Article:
Advocacy groups, progressives, and politicians are warning about the dangers of “normalized hate speech” and Islamophobia after the latest round of threats targeting Rep. Ilhan Omar, a Somali refugee and one of the first Muslim congresswomen.
“The political environment, led by an Islamophobe in the White House, has normalized hate speech and emboldened bigots in their actions.”
—Afaf Nasher, CAIR-NY
“The political environment, led by an Islamophobe in the White House, has normalized hate speech and emboldened bigots in their actions,” Afaf Nasher, executive director of the New York chapter of the Council on American-Islamic Relations (CAIR-NY), said Saturday.
“The rising threat of Islamophobia and white supremacy must be taken seriously,” he added. CAIR is the nation’s largest Muslim civil rights and advocacy group.
Nasher expressed relief that law enforcement tracked down Patrick Carlineo, of Addison, New York, who was arrested and charged on Friday with threatening to assault and murder Omar, a Democrat who represents Minnesota.
In a phone call to Omar’s office last month, the 55-year-old allegedly told one of her staffers: “Do you work for the Muslim Brotherhood? Why are you working for her, she’s an (expletive) terrorist. I’ll put a bullet in her (expletive) skull.”
While being questioned by the FBI after the incident, “Carlineo told the agents he is a patriot, that he loves President Trump, and hates radical Muslims in government,” the Elmira Star Gazette reported Friday, citing the complaint.
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“Never forget: bigotry is deadly. We saw it at Tree of Life, we saw it in Christchurch. And we’re seeing it here.”
—Abdul El-Sayed, progressive activist
News of Carlineo’s arrest came after The Blast reported Wednesday that, according to court records, Omar was the target of an unrelated bomb threat in mid-March when she was the featured speaker for a CAIR event at a Los Angeles hotel.
A female caller, who dialed from a blocked number, reportedly left a voicemail saying: “What would you do if I told you your hotel was going to be bombed. That is exactly what’s going to happen if you allow the likes of Ilhan Omar into your hotel. She is a danger to American society and your hotel. You are not to allow her foot into there if you value your own safety. Do not allow her in there. Cancel the event.”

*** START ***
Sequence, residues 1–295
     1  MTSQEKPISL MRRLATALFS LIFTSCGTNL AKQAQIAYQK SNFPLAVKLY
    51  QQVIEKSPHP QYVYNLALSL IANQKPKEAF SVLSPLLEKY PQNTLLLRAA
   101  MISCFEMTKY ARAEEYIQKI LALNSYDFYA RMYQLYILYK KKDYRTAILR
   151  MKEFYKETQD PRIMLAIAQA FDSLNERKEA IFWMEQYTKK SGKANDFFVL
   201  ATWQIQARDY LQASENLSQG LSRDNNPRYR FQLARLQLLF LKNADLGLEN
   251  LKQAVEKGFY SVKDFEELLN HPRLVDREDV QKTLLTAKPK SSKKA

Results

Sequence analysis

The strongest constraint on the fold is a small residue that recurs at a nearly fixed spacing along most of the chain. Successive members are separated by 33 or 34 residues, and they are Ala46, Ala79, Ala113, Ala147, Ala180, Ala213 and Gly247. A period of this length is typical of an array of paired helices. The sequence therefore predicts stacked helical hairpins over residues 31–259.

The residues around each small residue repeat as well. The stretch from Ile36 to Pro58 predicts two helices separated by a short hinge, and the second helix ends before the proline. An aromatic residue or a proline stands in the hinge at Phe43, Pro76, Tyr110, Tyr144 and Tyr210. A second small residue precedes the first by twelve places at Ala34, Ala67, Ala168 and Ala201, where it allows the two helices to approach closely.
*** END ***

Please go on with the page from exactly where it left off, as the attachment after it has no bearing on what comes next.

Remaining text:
The newly reported threats provoked sympathy and support for Omar, including from activist Linda Sarsour and the advocacy group Jewish Voice for Peace:
Fellow freshman Rep. Alexandria Ocasio-Cortez (D-N.Y.) took to Twitter on Saturday to call out Fox News personality Jeanine Pirro, who recently suggested on her show that Omar may be more loyal to her religion than she is to the U.S. Constitution because the congresswoman wears a headscarf.
“Understand when Jeanine Pirro goes on Fox + rallies people to think hijabs are threatening, it leads to this,” said Ocasio-Cortez, referring to the threats levied against her colleague.
Verbal attacks aimed at Omar have ramped up in recent months as the congresswoman has repeatedly criticized the Israeli government and the influence of pro-Israel lobbyists on U.S. lawmakers and policy.
Despite the recent threats to Omar’s safety, President Donald Trump continued “using her as fodder for ridicule,” as Rolling Stone senior writer Jamil Smith put it, during a speech to the Republican Jewish Coalition in Las Vegas on Saturday.
Former Michigan gubernatorial candidate Abdul El-Sayed, a progressive Muslim activist and physician, was among those who called out Trump for his mention of Omar.
“Words have consequences,” Abdul El-Sayed tweeted at the president, pointing to recent mass shootings that targeted Jews in Pittsburgh and Muslims in New Zealand. The suspect in the Christchurch attack praised Trump as “a symbol of renewed white identity and common purpose” in a manifesto he posted online.
“Never forget: bigotry is deadly,” El-Sayed added. “Prayers for security for all our public servants, especially those serving under threat.”
Omar, for her part, responded to Trump on Sunday by tweeting a prayer in Arabic, which she also translated to English: “My Lord, forgive my people for they do not know.”